When I was an Episcopalian, a lot of priestly activity seemed to be directed within the church: 'Look, we all know you've been brought up in this dreadfully oppressive understanding of God -but now we're going to free you from it!' Having been brought up as an atheist with very little guilt about anything, this always struck me as rather beside the point: I'd been attracted to Christianity, not by its bad bits (it contains human beings, of course it's got bad bits), but by its good bits -and in particular, an understanding of the world (and indeed of sex and personal relationships) that had been developed over two thousand years of constant reflection and engagement with the wisdom of the ancient classical world and Judaism. But the good bits weren't really mentioned or seriously considered. It was all: 'We used to oppress you with the thought that sex was bad, and now we're going to save you from that oppression. We used to think that reason was bad, but now we're going to get you to read and think for yourselves (but just so long as it's only stuff about how bad the Church used to be).' In my gloomiest moments, it all seemed (and still does seem) like a job creation scheme for redundant clergy: 'The only job left for the Church is to free those people still too stupid to leave the Church.'

At its worst, Anglicanism is dumb spirituality and ritualism. It lacks the philosophical background that Catholicism has in scholasticism. Moreover, unlike Holloway's Anglicanism, Catholicism is not just (although it is in part) a critical voice: it is also a constructive voice offering a full vision of a society and human life rather than outsourcing these activities to the state. Catholicism, unlike Holloway's Anglicanism, is not just the drama of priests working out how to spend their life in a world that increasingly ignores them: it is an institution and a tradition which shines forth in the life of every Catholic, from the migrant worker struggling with the injustice of immigration systems to the politician struggling with establishing a cohesive society; from the campaigner struggling to preserve the institution of marriage against sexual licence, to the families abandoned by a partner who has succumbed to that licence.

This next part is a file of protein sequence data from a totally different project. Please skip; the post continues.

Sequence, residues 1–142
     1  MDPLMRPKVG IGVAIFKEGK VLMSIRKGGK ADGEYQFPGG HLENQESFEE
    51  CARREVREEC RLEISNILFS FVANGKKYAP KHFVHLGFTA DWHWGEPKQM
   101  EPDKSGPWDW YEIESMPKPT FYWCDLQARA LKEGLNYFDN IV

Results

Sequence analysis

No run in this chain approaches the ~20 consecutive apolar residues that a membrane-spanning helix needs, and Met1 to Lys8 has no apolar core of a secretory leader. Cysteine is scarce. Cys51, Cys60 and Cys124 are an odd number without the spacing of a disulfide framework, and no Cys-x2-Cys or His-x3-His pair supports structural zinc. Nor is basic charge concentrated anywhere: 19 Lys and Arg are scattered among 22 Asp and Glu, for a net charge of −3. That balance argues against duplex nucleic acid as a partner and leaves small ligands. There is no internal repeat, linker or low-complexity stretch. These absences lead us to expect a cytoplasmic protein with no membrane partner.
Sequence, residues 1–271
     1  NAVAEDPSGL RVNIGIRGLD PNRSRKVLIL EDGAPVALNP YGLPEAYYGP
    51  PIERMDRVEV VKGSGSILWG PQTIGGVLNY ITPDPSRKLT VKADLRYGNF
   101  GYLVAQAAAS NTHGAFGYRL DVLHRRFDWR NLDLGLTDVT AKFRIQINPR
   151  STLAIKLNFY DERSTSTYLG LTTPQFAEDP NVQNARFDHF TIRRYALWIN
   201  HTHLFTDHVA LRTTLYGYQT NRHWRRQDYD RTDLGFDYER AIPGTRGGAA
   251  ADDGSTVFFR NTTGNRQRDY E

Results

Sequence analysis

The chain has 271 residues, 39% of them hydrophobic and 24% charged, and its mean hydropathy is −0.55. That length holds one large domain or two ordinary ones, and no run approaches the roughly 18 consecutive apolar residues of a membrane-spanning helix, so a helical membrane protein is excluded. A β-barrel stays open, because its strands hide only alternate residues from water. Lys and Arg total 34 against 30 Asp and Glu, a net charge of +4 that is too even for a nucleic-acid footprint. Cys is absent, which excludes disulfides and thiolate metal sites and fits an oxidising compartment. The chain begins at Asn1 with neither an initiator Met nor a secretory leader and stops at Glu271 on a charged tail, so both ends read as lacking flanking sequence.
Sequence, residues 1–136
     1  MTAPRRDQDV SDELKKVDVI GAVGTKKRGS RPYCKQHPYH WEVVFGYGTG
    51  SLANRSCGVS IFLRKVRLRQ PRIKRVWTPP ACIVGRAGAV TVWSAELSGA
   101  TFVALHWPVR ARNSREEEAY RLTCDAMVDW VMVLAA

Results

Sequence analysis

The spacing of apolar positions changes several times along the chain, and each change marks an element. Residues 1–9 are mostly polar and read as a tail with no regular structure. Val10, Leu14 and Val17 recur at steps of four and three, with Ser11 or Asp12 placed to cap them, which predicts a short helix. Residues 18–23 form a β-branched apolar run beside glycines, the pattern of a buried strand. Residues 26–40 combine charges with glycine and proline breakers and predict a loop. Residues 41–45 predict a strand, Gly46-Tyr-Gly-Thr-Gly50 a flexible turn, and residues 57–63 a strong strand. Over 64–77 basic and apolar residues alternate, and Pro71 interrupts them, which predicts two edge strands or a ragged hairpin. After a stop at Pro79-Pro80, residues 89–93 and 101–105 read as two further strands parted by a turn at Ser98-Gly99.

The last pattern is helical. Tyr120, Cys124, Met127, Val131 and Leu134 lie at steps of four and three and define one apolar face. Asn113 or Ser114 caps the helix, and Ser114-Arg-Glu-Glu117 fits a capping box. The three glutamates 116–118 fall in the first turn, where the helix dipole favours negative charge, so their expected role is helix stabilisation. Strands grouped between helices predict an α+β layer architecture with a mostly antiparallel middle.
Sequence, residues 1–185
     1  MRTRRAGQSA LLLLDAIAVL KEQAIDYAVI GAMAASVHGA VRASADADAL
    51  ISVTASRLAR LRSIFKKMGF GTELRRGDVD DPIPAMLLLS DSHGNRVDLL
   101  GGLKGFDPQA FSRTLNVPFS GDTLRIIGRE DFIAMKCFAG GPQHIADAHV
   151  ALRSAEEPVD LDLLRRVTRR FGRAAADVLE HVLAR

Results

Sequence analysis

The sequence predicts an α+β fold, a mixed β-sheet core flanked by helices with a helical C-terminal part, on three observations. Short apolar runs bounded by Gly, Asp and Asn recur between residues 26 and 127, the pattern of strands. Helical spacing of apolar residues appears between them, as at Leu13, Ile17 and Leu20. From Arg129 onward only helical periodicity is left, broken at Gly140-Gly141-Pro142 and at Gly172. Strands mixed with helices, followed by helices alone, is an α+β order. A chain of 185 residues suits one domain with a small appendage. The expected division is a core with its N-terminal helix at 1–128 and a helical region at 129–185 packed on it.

Institutions such as schools (or seminaries) always have their crassnesses. So do individuals. Pointing to their inevitable failings, whilst part of the struggle to make lives better, should not entail the abolition of either. Religion is in part the institutionalization of that struggle for meaning and love that ought to be part of the highest human activity. To abolish it is not to achieve salvation, but only to deliver us defenceless either into the crassness of secular institutions or into the emptiness of the individual who is sufficient unto himself.